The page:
FBI investigating 850 domestic terrorism cases nationwide 40% of which are related to race and religion
Much like foreign terrorists, domestic terrorists are radicalizing quickly online with few gateways or barriers and no need to meet up in person
By COLLEEN LONG
WASHINGTON (AP) — The FBI has more than 850 open investigations into domestic terrorism across the country, and the threat continues to grow, top counterterrorism officials said Wednesday.
FBI, Justice Department and Homeland Security officials gave testimony before a congressional committee on homegrown hate and violence. They cautioned lawmakers they could not prosecute a white supremacist simply for the ideology or an online manifesto — there must be intent to harm or harass.
And much like foreign terrorists, domestic terrorists are radicalizing quickly online with few gateways or barriers and no need to meet up in person.
"There's a lot of hate out there on the internet," said Mike McGarrity, the FBI's top counterterrorism official. "Violent extremists around the world have access to our local communities to target and recruit and spread their messages of hate on a global scale, as we saw in the recent attack in Christchurch, New Zealand," he said, referring to the mosque attacks by a white supremacist and member of the alt-right that killed 51 people.
Just two weeks ago, a gunman killed a woman and wounded an 8-year-old girl, her uncle and a rabbi at Chabad of Poway , a Southern California synagogue.
McGarrity said there were six deadly domestic terrorism attacks in 2018, and five in 2017. Of the hundreds of open FBI investigations, about half were anti-government cases and around 40% were related to race or religion.
McGarrity said preventing terrorism in the U.S. was the bureau's top priority.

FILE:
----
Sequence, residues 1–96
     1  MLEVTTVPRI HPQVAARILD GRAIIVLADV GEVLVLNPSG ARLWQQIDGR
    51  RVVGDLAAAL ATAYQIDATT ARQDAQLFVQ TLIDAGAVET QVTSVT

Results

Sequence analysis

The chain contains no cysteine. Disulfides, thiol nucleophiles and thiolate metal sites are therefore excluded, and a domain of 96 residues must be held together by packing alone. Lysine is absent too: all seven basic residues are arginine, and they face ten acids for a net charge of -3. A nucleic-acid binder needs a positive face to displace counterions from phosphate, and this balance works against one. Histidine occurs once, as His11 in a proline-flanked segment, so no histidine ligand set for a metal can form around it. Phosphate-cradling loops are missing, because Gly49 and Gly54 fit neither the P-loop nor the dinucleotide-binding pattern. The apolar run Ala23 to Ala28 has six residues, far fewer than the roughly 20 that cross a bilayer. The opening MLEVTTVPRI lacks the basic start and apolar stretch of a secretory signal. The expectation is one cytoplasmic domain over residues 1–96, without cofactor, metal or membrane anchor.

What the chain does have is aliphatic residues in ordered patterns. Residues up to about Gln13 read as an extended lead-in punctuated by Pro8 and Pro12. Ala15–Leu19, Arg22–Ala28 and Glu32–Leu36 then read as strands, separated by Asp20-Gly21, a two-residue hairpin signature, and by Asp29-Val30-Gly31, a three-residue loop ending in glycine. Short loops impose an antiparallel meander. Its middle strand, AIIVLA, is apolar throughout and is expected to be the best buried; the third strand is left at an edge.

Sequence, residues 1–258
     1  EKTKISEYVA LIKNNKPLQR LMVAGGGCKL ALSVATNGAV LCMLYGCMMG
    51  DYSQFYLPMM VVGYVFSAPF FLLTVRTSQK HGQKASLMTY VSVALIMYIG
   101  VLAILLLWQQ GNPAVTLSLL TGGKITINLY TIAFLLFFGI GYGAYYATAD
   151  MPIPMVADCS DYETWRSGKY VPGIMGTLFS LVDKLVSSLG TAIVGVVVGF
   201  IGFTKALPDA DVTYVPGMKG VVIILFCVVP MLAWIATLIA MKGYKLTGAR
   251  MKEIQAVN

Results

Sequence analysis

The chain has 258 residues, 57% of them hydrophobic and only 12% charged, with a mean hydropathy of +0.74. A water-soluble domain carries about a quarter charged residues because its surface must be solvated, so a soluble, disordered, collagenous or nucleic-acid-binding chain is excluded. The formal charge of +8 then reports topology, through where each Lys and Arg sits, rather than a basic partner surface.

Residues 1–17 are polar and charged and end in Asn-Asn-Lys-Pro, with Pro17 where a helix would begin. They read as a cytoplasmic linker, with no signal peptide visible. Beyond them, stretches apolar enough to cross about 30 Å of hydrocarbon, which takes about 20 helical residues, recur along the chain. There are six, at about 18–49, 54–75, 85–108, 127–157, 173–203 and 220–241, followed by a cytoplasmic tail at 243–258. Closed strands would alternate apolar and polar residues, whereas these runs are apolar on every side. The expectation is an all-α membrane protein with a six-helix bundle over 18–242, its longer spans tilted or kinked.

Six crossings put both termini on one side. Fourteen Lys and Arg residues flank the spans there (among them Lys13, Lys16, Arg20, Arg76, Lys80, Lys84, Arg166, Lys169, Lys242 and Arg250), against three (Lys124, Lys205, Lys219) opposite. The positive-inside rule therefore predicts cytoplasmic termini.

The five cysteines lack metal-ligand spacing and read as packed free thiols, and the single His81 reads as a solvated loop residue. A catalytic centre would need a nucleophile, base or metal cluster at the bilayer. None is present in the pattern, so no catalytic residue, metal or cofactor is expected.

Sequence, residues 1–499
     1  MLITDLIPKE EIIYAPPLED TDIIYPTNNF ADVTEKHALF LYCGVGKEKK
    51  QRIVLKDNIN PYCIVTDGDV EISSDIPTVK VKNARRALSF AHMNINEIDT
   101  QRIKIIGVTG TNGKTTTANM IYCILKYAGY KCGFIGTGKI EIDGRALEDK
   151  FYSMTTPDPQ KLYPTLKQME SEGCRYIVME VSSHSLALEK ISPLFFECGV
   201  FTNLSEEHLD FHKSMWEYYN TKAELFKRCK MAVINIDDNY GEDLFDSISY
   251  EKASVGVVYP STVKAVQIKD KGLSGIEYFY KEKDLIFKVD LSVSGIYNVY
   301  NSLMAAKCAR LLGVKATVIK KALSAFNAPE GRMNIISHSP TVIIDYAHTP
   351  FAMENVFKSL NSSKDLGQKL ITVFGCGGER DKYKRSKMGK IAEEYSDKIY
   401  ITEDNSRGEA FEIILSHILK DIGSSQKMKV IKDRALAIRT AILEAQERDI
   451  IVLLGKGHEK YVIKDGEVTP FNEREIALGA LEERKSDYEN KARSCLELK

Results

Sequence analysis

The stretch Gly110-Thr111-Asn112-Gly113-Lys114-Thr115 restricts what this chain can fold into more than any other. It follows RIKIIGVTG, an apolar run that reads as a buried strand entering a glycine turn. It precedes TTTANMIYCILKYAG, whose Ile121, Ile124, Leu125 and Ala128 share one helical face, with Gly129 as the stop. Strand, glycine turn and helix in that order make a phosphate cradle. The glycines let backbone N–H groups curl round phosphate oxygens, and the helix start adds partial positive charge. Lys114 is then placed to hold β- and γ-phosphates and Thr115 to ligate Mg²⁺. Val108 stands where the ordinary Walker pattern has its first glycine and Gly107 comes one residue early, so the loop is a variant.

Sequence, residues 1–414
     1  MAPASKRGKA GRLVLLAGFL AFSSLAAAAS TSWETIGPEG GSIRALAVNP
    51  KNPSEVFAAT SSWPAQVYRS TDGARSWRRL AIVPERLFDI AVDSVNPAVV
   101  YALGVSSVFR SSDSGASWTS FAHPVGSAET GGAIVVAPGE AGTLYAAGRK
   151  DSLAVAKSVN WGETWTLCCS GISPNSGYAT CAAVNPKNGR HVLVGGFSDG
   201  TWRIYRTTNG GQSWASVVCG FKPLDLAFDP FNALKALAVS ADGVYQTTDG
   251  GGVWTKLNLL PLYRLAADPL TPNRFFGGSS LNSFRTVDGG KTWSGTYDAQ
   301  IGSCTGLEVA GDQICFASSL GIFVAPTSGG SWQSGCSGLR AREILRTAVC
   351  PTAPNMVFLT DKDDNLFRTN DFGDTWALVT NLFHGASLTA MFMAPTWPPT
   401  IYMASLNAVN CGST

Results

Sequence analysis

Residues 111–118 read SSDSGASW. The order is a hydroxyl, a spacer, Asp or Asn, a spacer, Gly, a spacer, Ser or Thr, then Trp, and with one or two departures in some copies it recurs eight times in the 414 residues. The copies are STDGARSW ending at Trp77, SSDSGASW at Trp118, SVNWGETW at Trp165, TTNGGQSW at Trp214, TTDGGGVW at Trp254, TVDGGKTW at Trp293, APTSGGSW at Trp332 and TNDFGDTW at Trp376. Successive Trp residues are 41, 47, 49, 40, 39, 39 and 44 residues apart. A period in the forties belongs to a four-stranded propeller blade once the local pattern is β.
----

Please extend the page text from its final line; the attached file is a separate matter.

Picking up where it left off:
"We don't differentiate between a domestic terrorism attack we're trying to stop or an international terrorism attack. It's a terrorism attack we're looking to stop," he said.
But there is no domestic terrorism statute. The Justice Department relies on other statutes to prosecute ideologically motivated violence by people with no international ties.
That makes it hard to track how often extremists driven by religious, racial or anti-government bias commit violence in the U.S. It also complicates efforts to develop a universally accepted definition of domestic terror.
Committee Chairman Bennie Thompson said he was alarmed by a lack of public information on the issue, and sought better information.
He criticized the FBI for stopping a monthly briefing to the committee on threats to the nation, including domestic and international terrorist organizations and counterintelligence threats. He said the threat of domestic terror is growing and must be better understood.
"To all of the victims, survivors and communities who have felt like the terror you suffered was ignored or minimized, know that it ends today," said the Mississippi Democrat.
Brian Murphy, Homeland Security's deputy undersecretary for intelligence and analysis, said officials at the department were working on intelligence more than ever before, and have created a round-the-clock open source collection team to track and share potentially threatening information.
"We continue to refine that and get better at that," he said.